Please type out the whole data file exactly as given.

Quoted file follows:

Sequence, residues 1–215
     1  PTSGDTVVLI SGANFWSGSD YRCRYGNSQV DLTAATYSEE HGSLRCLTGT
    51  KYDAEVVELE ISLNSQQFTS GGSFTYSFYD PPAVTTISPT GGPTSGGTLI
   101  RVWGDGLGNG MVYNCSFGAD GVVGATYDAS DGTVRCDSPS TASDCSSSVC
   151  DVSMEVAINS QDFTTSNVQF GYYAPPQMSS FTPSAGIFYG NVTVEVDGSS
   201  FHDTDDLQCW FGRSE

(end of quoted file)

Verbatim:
Sequence, residues 1–215
     1  PTSGDTVVLI SGANFWSGSD YRCRYGNSQV DLTAATYSEE HGSLRCLTGT
    51  KYDAEVVELE ISLNSQQFTS GGSFTYSFYD PPAVTTISPT GGPTSGGTLI
   101  RVWGDGLGNG MVYNCSFGAD GVVGATYDAS DGTVRCDSPS TASDCSSSVC
   151  DVSMEVAINS QDFTTSNVQF GYYAPPQMSS FTPSAGIFYG NVTVEVDGSS
   201  FHDTDDLQCW FGRSE